In America, the day after Thanksgiving is known as “Black Friday.” It's widely considered to be the busiest shopping day of the year and is oftentimes the first day retailers find their annual balance sheets “in the black.” It also kicks off the lucrative holiday shopping season.
Most years the American tradition of over-thetop holiday consumerism boils over into another American tradition, that of wanton violence. As the country's largest chains open their doors at ungodly hours with once-a-year sales, the race to save can get ugly.
In 2005, shoppers at a Wal-Mart in Michigan, eager to get first pick at the low-priced goods inside, sparked off a melee that saw some early-risers get trampled. In California, shoppers were so enthralled with the idea of discountpriced laptops at a Best Buy that fisticuffs ensued.
In the private equity world, the rush to retail hasn't been nearly as violent, but it has been competitive. Over the past few years, newspaper headlines have been awash with retailers acquired by consortiums of LBO firms, property funds and/or real estate investment trusts. The targets have included national retailers like grocery store chain Albertson's, retailer Toys ‘R’ Us, Target cast-off Mervyn's, luxury department store Neiman-Marcus, airport mainstay Brookstone and discounter ShopKo. In many of the cases, the winning bidders faced fearsome competition.
While the retail sector may not be as competitive as a holiday run on the toy department of a New Jersey big box retailer, the industry is increasingly becoming a place of fierce, shirt-tearing competition.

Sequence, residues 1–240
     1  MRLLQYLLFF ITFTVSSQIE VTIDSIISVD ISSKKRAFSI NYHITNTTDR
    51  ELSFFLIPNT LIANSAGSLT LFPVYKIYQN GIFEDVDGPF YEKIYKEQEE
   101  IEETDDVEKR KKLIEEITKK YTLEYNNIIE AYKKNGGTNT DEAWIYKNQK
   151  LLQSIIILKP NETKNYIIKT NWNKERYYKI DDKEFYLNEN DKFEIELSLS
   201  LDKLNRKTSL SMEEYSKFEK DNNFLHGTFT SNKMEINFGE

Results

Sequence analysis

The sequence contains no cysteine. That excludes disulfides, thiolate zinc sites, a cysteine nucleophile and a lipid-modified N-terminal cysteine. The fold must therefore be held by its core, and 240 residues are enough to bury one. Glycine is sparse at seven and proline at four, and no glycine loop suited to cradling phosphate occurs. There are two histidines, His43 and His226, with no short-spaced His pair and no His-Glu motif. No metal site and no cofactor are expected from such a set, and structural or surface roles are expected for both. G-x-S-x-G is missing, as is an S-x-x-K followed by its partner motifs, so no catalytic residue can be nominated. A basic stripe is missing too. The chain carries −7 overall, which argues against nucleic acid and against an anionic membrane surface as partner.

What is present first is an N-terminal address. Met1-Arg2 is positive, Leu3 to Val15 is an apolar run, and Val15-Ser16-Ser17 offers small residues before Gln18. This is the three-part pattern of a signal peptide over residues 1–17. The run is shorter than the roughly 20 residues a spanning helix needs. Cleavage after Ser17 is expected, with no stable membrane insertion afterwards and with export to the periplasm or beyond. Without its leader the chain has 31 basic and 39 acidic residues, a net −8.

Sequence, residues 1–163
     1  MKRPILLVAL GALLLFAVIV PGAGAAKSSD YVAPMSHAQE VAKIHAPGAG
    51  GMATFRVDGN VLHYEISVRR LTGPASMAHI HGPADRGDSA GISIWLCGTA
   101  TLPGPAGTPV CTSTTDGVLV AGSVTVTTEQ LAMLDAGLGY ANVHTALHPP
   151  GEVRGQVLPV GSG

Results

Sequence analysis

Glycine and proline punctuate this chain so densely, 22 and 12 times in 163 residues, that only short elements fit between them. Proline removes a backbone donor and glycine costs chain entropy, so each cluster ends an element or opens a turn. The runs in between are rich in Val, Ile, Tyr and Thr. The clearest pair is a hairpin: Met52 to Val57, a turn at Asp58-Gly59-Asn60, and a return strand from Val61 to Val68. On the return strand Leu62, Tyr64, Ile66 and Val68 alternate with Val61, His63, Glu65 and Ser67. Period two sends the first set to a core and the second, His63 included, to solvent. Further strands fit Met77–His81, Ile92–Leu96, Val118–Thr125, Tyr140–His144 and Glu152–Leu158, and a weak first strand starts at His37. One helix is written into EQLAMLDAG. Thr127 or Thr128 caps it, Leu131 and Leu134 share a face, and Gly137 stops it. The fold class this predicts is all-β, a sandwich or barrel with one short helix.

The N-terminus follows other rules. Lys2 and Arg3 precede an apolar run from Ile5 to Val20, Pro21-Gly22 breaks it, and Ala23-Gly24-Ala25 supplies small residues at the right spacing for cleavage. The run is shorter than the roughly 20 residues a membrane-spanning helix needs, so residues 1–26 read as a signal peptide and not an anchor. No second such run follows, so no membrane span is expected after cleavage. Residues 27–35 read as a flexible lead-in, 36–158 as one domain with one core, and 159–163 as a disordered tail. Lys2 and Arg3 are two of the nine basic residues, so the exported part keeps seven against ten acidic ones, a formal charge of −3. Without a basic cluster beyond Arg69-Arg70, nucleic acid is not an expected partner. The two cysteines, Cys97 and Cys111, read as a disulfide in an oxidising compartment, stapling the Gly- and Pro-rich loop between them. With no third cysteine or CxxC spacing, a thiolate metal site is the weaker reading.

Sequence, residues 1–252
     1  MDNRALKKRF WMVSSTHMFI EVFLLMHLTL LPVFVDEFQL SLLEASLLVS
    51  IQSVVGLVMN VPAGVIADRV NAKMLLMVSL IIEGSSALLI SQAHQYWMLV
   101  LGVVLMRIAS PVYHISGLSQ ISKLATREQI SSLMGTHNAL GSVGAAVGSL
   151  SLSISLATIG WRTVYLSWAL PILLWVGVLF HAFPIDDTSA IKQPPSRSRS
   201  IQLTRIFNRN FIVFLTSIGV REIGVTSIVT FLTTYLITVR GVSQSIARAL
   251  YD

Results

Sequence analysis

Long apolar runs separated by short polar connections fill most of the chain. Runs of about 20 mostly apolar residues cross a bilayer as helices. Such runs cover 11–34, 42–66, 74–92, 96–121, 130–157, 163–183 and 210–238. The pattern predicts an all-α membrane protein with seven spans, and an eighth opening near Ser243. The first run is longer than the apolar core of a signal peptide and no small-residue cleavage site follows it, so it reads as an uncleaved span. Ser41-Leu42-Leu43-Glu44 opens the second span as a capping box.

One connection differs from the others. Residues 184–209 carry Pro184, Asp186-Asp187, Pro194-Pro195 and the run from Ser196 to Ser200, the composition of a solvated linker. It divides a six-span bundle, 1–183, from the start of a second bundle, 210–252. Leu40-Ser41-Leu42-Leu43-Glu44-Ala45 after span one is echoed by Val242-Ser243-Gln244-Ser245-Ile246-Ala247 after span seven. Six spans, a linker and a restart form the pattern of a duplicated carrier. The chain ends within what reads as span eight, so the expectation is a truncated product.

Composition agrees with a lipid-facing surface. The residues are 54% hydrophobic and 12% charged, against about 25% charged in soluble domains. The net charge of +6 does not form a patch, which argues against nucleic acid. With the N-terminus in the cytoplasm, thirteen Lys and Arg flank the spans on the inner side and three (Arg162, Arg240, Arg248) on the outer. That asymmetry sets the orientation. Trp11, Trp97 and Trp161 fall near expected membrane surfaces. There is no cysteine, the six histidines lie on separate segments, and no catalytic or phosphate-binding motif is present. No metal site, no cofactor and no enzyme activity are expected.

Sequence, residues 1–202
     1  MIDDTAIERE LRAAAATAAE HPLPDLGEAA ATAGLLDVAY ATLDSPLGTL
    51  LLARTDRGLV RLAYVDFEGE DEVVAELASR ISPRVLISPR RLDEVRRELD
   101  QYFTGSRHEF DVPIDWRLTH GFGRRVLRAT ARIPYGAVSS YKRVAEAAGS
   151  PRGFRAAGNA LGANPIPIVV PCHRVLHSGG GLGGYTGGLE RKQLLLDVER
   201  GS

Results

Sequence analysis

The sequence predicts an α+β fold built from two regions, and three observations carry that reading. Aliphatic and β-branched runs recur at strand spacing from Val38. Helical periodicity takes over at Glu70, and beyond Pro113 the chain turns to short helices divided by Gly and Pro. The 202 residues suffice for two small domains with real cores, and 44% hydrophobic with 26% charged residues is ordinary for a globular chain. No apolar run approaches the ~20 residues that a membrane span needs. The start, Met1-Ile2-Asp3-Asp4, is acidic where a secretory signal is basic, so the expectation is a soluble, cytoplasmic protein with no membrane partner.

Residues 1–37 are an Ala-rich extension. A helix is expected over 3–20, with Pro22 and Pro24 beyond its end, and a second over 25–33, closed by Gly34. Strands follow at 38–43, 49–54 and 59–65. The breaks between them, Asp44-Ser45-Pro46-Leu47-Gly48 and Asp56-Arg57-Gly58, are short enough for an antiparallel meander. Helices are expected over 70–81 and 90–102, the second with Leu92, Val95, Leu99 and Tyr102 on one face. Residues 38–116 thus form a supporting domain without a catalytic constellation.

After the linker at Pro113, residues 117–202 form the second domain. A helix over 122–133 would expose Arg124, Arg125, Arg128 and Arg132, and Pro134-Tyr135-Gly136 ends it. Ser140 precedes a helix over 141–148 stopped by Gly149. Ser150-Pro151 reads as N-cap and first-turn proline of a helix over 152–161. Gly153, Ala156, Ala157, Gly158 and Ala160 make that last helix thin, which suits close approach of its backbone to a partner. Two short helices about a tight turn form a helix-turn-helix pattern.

As an operating business with a large real estate component—or, in some cases, as real estate with an operating business component—retail deals require a number of skill sets, which is why many traditional LBO shops will team up with a real estate specialist on the transaction. As the variety of retail deals increases, there are more and more roles for property firms looking to get in on the action.
Many of the transactions have been accompanied by corresponding sale and leaseback deals, as firms seek to harvest value from the stores' underlying properties. There has also been much talk of companies selling off real estate that is, to paraphrase Jimmy Stewart in It's a Wonderful Life, more valuable dead than alive. Or more valuable as a bath goods store than a toy store, in any case.
With a healthy retail chain, the real estate may simply be a part of the overall financing arrangement— the property can be leased back, turned into equity and taken off the balance sheet. In more complicated deals where some of the outlets are going to be sold off, a real estate partner may come in and reposition and redevelop the assets.
But for all the transactions being completed, retailing is a business fraught with peril. Market fundamentals, the ever-changing tastes of fickle teenagers and new Wal-Marts are all potential threats, along with more property-minded concerns like location and changing traffic patterns.
In the pages that follow, we sit down with three retail investors who approach the sector from three distinct vantage points, each providing a different insight into the world of retail investing. Christopher Volk, the chief executive officer of Spirit Finance Corporation, looks at the underlying profitability of individual retail outlets and how private equity investors can monetize the underlying real estate. Joseph Sitt founded Thor Equities to capitalize on the dearth of quality retail in American cities and has since developed urban malls and even launched his own retail chain along the way. And Sun Capital Partners' Gary Talarico has been busy applying his firm's turnaround buyout strategy to the retail sector in recent years with high-profile deals like ShopKo and Mervyn's.
While the retail sector may not be as competitive as a holiday run on the toy department of a New Jersey big box retailer, the industry is increasingly becoming a place of fierce, shirt-tearing competition. In such a cutthroat environment, it makes sense to listen to the experts.